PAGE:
With a lead in the polls, Thomas Mulcair fell victim to the Conservative definition of the NDP as fiscally irresponsible and led with a promise to balance the budget. After years of austerity measures, that rightward fiscal turn felt to many like a betrayal of NDP values in search of a few votes. And by the time the NDP started plummeting in the polls and Mulcair reasserted their progressive position, it was too little, too late.
Not all political dynasties are created equal -- one key difference lies in the calibre of their descendants. Last year, the Liberal Party elected as its leader Justin Trudeau, son of former Prime Minister Pierre Trudeau. Warren Bennis, a noted scholar on leadership, said, "The most dangerous leadership myth is that leaders are born -- that there is a genetic factor to leadership. That's nonsense."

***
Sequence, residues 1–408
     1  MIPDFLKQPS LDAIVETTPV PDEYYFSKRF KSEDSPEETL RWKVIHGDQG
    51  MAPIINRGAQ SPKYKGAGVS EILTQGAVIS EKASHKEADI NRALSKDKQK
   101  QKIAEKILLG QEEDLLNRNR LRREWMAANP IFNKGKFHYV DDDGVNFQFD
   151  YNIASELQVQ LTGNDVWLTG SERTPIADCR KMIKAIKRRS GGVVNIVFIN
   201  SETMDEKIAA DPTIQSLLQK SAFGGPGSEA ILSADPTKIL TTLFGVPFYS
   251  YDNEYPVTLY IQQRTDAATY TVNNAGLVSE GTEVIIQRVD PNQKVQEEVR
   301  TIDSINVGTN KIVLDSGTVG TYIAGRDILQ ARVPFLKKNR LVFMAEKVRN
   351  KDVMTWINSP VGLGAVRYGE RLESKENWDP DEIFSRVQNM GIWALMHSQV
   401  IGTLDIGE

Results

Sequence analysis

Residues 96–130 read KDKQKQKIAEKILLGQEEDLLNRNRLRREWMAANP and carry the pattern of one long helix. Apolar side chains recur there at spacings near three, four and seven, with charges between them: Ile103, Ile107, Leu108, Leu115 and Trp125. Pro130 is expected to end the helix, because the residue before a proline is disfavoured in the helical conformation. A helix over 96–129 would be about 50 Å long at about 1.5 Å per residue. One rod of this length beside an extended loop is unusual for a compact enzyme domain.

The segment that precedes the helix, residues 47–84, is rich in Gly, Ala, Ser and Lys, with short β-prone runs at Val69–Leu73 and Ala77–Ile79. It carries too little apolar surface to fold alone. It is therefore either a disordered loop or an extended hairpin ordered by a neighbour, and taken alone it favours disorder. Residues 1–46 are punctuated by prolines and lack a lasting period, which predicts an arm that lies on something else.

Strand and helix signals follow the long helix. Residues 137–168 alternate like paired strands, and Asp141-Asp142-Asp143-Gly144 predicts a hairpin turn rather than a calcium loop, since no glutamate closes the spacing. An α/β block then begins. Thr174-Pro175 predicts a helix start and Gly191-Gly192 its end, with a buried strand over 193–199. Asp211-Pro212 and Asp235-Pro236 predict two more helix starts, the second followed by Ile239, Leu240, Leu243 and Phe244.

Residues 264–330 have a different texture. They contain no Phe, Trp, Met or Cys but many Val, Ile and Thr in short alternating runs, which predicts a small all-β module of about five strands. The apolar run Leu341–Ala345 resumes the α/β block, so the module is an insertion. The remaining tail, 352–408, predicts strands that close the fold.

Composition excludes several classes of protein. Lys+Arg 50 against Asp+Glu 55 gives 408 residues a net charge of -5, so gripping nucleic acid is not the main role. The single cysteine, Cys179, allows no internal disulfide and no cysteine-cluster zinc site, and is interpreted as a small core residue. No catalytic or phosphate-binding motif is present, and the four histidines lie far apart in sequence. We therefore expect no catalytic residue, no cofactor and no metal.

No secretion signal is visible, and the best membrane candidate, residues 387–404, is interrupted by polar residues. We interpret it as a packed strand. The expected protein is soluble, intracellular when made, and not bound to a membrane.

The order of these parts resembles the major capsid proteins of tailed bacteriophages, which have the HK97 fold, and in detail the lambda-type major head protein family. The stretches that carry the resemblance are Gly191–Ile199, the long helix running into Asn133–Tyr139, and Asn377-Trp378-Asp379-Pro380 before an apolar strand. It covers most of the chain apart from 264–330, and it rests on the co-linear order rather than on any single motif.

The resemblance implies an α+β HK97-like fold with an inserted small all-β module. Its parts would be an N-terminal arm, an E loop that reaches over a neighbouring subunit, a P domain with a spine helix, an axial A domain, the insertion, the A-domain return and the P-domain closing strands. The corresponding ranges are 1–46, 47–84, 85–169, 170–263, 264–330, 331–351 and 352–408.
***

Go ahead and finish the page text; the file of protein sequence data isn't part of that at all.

There's something about Bernie Sanders that appeals to me. I figure that any American who's a self-described socialist and yet a twice-elected senator must have something going for him. So I took a closer look at his positions on the issues of the day and found that basically Bernie is America's Canadian candidate.
Bernie Sanders, an Independent Senator from Vermont, is challenging Hillary Clinton for the Democratic presidential nomination. He is a fighter, a politician of conviction who is not afraid to defy convention. Could an honest guy shake up the system? Is there a place for a politician who genuinely cares?
It's been clear for some time now that television network news is no longer solely populated by journalists. It's not for nothing that the coined word infotainment has gained currency. In an atmosphere like that, is it any wonder that news correspondents become news personalities who in turn become Hollywood stars?